This great chart shows the city and harbor of Dartmouth at the entrance to the River Dart on England’s south Devon coast. A lovely compass rose orients the chart with north pointing to the right. There are bays, castles, mills, and other places named along the coasts, as well as soundings, anchorages, shoals, and navigational hazards depicted in the waters. The chart includes three large landfall approach views providing navigational bearings for approaching Dartmouth, as well as an inset of Tarr Bay within a vine-style border. This chart is typical of Greenville Collins' work with a highly decorative title cartouche flanked by putti and fish counterbalanced by an equally decorative mileage scale with additional references to the fishing industry in the region. The title cartouche includes a dedication to George Legge, First Baron of Dartmouth, who died two years before the chart was first published and was succeeded by his son, William Legge. Engraved by F. Lamb.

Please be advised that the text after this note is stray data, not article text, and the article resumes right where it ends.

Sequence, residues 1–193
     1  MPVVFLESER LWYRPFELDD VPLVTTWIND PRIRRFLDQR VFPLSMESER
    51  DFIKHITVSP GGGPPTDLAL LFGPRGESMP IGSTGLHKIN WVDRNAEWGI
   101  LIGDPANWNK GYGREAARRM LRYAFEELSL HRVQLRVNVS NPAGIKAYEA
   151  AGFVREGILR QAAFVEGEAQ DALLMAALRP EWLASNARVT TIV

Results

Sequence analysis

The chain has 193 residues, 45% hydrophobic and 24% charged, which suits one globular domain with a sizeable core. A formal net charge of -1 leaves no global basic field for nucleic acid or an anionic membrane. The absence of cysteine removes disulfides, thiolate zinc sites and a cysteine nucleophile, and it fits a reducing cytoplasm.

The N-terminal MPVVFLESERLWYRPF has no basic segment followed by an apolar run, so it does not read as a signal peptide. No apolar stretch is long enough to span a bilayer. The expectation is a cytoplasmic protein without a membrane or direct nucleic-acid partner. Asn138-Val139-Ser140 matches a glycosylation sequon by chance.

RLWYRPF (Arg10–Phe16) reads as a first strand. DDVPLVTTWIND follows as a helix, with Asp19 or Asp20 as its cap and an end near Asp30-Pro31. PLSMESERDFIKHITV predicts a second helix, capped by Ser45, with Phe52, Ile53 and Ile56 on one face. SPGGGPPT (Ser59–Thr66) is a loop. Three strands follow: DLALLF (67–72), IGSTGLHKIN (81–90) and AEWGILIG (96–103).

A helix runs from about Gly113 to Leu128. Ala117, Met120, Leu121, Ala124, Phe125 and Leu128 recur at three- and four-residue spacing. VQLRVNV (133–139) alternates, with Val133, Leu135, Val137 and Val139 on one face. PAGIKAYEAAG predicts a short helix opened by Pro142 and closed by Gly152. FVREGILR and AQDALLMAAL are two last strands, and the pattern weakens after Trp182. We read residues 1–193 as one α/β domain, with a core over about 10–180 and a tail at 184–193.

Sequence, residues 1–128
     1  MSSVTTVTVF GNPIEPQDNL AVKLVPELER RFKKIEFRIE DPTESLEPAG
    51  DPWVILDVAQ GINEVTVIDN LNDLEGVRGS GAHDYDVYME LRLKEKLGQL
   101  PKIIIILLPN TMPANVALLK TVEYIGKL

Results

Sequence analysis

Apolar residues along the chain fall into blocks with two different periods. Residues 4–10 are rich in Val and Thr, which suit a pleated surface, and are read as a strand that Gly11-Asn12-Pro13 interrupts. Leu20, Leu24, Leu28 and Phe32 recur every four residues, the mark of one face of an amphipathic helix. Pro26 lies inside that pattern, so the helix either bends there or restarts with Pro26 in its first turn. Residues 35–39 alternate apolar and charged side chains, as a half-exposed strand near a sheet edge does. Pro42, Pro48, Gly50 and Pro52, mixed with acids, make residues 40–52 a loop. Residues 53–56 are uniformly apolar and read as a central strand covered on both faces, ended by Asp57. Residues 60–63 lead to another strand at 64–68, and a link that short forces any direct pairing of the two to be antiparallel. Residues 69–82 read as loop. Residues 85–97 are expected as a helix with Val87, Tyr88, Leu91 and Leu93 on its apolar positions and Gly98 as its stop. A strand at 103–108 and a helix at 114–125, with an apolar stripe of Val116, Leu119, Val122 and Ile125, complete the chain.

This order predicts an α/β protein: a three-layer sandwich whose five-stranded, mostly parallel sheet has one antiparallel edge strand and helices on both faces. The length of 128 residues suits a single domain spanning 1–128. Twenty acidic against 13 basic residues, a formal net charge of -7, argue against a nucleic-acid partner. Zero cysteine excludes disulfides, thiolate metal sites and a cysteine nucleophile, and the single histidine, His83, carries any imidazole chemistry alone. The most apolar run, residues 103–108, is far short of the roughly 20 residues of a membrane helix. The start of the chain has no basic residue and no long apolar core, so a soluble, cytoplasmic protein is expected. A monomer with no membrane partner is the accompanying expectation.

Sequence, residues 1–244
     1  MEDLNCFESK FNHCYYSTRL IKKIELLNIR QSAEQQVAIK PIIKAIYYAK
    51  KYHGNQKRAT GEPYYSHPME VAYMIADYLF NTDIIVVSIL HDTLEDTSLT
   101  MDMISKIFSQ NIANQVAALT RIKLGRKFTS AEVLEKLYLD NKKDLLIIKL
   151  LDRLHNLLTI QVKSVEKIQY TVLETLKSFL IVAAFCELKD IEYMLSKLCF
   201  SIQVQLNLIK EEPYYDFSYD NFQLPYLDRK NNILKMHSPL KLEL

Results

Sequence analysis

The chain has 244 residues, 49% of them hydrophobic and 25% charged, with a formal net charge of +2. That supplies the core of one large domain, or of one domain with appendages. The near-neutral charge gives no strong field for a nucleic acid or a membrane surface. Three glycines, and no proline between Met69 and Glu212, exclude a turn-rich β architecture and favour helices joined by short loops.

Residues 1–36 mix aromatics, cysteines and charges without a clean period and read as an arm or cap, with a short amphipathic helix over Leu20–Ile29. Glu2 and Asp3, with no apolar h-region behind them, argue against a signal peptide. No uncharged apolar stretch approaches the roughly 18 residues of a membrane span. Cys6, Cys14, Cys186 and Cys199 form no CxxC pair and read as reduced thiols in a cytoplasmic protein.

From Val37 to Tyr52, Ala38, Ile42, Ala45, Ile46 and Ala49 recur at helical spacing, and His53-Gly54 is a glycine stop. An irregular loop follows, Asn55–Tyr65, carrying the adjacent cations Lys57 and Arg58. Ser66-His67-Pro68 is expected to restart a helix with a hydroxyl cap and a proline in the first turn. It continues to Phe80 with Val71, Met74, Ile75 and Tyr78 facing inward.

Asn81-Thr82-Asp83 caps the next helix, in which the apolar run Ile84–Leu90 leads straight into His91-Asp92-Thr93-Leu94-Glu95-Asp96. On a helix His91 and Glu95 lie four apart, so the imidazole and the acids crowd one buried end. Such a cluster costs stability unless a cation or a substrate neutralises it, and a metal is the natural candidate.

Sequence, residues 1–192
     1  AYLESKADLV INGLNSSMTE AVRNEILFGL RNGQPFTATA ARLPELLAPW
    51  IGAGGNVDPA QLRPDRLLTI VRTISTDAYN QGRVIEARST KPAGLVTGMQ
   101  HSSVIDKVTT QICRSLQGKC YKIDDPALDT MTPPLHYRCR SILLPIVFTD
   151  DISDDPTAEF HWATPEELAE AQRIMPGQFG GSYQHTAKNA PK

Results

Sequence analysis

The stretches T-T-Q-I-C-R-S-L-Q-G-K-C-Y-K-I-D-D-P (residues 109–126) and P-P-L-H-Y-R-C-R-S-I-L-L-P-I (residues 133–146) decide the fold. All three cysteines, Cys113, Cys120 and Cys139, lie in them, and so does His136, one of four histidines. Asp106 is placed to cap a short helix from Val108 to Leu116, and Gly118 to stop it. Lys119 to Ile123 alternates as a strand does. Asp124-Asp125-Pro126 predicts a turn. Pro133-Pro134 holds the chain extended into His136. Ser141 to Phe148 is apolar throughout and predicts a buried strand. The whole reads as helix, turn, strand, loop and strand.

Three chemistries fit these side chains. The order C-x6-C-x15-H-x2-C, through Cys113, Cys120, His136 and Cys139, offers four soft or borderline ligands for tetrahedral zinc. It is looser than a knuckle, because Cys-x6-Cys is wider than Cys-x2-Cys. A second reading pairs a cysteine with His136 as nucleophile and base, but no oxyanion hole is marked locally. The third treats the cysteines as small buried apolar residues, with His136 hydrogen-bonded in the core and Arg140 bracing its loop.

In 1681 Capt. Greenville Collins (fl.1669-1694) an officer in the Royal Navy was appointed by the Admiralty to make a complete survey of the coasts of Great Britain. Prior to this date the charts used by English mariners were copies of Dutch charts that had many inaccuracies. The task of surveying the entire coasts was formidable and took about 7 years, at the end of which only 46 surveys were finally used in an atlas titled "Great Britain's Coasting-Pilot Being a New and Exact Survey of the Sea-Coast of England," which was first published in 1693.